NEW WORLD ORDER

Trump shrug

Image source: RenewAmerica

“New world order” is a phrase mostly associated with the immediate aftermath of the Cold War, when America and the Soviet Union decided to put their differences aside and cooperate rather than constantly menace each other. Together, the 2 superpowers were supposed to police the globe, punishing wrongdoers and promoting open societies and peaceful international relations. When the USSR collapsed, it was America alone who ended up playing this role, facing almost no resistance in its quest to shape the world in its own image and promote its own ideals.

We are once again living through a seismic shift in the world order like the collapse of the Soviet Union. For the most part, American “hyperpower” lent predictability to international affairs. No other country can seriously challenge the US, so none really try to. The benefits of free trade, open borders, democracy, human rights and peaceful diplomacy are obvious, so no one really worked against them. America was reduced to playing a police role, punishing countries like Iraq and Yugoslavia that transgressed international norms, mediating international disputes like the Arab-Israeli conflict to keep them from erupting, and ignoring problems like Rwanda or Zaïre that “didn’t matter.”

There are other contenders for seismic shifts in the world order since then. The 9/11 attacks in 2001 gave America (and, to a lesser extent, the rest of the West) a new sense of purpose. Terrorism moved from the back burner to the front of the agenda, and counterterrorism efforts have dominated American foreign policy ever since. The Iraq War seemed to presage a new era of American imperialism, but as time passes it seems less and less like it started a real trend. The global economic collapse in 2008 seriously discredited capitalism and empowered China and other emerging markets over a floundering West, but the world has slowly recovered from that chaotic time.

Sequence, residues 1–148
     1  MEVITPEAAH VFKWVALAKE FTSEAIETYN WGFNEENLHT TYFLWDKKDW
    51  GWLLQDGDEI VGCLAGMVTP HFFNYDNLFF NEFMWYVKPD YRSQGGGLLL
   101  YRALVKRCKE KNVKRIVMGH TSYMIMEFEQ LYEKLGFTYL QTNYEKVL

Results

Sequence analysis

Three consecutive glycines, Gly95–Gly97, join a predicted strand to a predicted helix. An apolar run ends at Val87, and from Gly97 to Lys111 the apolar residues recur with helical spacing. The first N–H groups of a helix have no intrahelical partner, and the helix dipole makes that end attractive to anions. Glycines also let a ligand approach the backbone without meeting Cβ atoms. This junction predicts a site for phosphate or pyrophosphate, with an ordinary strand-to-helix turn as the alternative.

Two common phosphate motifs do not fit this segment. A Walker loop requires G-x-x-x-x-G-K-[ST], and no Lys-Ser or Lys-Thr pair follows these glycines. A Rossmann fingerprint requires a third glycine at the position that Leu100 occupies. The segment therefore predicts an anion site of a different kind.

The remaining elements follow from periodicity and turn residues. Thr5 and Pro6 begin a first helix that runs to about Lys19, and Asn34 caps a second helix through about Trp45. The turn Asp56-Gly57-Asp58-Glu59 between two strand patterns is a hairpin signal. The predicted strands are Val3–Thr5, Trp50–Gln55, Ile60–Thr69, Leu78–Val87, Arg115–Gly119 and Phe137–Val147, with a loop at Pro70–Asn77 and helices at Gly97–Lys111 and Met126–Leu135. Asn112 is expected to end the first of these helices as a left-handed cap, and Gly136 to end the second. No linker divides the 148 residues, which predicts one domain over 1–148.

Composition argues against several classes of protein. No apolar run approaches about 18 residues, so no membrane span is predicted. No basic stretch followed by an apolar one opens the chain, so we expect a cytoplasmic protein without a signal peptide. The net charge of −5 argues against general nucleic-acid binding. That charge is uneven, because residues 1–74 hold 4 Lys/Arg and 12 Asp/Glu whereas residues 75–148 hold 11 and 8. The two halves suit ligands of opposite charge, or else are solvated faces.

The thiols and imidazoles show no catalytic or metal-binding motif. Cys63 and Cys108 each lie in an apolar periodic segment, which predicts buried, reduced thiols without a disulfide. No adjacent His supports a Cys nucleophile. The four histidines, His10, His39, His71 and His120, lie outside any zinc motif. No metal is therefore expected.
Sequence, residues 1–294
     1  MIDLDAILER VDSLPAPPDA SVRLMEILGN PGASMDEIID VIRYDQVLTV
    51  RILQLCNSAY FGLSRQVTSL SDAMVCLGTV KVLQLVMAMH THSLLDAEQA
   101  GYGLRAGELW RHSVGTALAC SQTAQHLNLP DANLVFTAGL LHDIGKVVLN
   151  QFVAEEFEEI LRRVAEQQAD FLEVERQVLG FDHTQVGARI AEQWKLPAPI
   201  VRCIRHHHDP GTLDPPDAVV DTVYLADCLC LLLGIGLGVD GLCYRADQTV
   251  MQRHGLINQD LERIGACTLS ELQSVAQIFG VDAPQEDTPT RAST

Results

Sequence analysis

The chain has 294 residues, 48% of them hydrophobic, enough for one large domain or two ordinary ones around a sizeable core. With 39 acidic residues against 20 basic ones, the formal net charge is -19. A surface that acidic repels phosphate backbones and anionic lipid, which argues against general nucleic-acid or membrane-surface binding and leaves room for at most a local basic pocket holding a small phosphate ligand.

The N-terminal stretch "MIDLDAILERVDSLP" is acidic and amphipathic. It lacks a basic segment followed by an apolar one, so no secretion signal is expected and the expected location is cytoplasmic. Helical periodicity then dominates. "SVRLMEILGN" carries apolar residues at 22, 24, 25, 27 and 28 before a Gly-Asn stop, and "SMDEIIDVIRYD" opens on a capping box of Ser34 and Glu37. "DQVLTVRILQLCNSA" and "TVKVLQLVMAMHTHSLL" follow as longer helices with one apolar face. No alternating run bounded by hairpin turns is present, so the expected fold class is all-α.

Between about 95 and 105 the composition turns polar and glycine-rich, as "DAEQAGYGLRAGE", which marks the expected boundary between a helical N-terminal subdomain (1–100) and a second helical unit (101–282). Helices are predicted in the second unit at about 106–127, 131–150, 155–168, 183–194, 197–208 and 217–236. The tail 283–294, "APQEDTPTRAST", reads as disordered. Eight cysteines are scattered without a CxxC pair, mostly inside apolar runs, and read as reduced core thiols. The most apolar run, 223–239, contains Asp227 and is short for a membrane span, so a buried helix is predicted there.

But now, America is challenging the very underpinnings of the world order. So much of international relations is shaped by America, whether other countries like it or not (and many of them are accustomed to it and take it for granted). It bankrolls giant organizations like the UN and the World Bank. Its military protects Europe, East Asia, and (to some extent) West Asia. The dollar is the international reserve currency. Its economy is the global powerhouse, both through its huge domestic market and its role in trade. Its political system is a model, conscious or otherwise, and its values are exported both through overt evangelists and more subtle messages in its pop culture.

Yet it seems that America is now losing interest in this. Military intervention leads to prolonged war and occupation, and Americans have been tired of it for a decade already. The military and financial contribution to NATO, the Western alliance, is no longer seen as worth it. Deep cuts to the federal government and bureaucracy have reverberations in its diplomacy, as the foreign service is suddenly understaffed, underfunded and mismanaged. Protectionism is back with a vengeance, no longer just an alternative economic theory or something to fall back on to score quick political points but the outright credo of the country. America now takes a realistic approach to foreign relations, no longer judging countries by their domestic situation but evaluating them in terms of straight-up strategic value. International commitments like the Trans-Pacific Partnership (TPP, a trade pact linking America with East Asia, Oceania and Latin America) and Paris Agreement (a climate change accord) have been discarded.